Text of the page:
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Debt Cancelled, But How Much Will It Cost Me?

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It’s a truism of the U.S. tax code that a simple question usually begets a complicated answer. That’s certainly the case for Sylvia, a Credit.com reader with a simple question about an increasingly common situation.

“My credit card company just sent me a letter that they will charge off. . . or they will forgive $12,000 of my $30,000 debt,” a reader using the screen name “Sylvia” writes in response to a recent Credit.com story. “What is the tax on this?”

Here’s the simplest answer: That depends. Here’s why. When lenders forgive debts, the IRS treats the forgiven principal as income. That would trigger a 1099-C. In Sylvia’s case, then, the amount she’s taxed overall may depend on the sum of this equation: (Her current income) + ($12,000).

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Maybe her tax rate will stay the same. If that extra $12k is enough to place her into a higher tax bracket, then she’ll have to pay taxes at that new, higher rate. To get an estimate of how she’ll fare, Sylvia can check this summary of tax brackets.

“It’s treated as regular income,” says Gerri Detweiler, Credit.com’s consumer credit expert, who has written many stories about the 1099-C. “It could potentially bump her up to a higher tax bracket.”

Free Credit Check & MonitoringHowever, the answer is more complex than that. There is a way that Sylvia could potentially reduce the amount she has to pay as a result of a 1099-C. It’s called an insolvency exclusion. Here’s how it works. If Sylvia’s debts exceed her assets, she can apply for an insolvency exclusion. If debts exceed assets by more than $12,000, then the entire 1099-C amount can be excluded from her income (and, therefore, her taxes).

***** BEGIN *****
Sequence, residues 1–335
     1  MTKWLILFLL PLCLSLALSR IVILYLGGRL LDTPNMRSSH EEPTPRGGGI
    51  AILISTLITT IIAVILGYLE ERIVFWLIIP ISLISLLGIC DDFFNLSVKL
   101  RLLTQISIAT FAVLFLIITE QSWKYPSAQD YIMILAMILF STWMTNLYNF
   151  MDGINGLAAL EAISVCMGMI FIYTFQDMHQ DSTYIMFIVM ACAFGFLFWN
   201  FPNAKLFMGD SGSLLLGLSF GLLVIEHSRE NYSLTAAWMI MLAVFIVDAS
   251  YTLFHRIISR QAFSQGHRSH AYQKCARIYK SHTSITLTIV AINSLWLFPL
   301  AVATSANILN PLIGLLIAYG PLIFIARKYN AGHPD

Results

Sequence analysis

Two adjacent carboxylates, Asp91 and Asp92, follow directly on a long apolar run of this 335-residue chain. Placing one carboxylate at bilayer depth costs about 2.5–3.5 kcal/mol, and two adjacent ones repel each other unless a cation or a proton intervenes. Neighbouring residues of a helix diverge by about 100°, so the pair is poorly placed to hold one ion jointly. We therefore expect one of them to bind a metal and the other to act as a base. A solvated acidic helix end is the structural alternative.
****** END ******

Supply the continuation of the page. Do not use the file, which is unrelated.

If her debts exceed her assets by, say, $5,000, then that amount would be subtracted from the 1099-C total, meaning that only $7,000 of the forgiven credit card debt would count as additional income. To figure this out, “she should talk to a tax advisor,” Detweiler says.

After that, there’s still one more kink to figure out, Detweiler says. In her email, Sylvia says her credit card issuer has offered to “charge off” or “forgive” $12,000 worth of debt. Those might sound like the same thing, but actually they’re not. A charge-off describes an accounting maneuver in the lender’s financial books in which the bank essentially says, “We have to write this off as a bad debt,” says Detweiler.

But the company can still try to collect just in case. Or it can sell the debt to a debt collection company. Either way, the bad news for Sylvia is that the debt would still exist, and she still could be sued for it. So while the debt does not go away with a charge off, the good news is that Sylvia would not owe taxes on it.

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“A charge off doesn’t doesn’t trigger a 1099-C,” Detweiler says.

If $12,000 worth of debt is forgiven, however, that means it goes away entirely, and the bank or private debt collectors have no way to try to collect it later. In this case, as long as the bank hasn’t tried to collect the money in the last three years, it is required to send a 1099-C form informing the IRS of the forgiven debt (and potentially incurring a bigger tax bill for Sylvia).

Check out Detweiler’s other stories that delve into the intricacies of the 1099-C:

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Image: TaxBrackets.org

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  • http://www.springcoin.com/blog Kevin @ SpringCoin

    Well said Chris, if anyone is actually in this dilemma, definitely talk to your accountant. For more information, you can also look here:

    http://www.irs.gov/pub/irs-pdf/p4681.pdf

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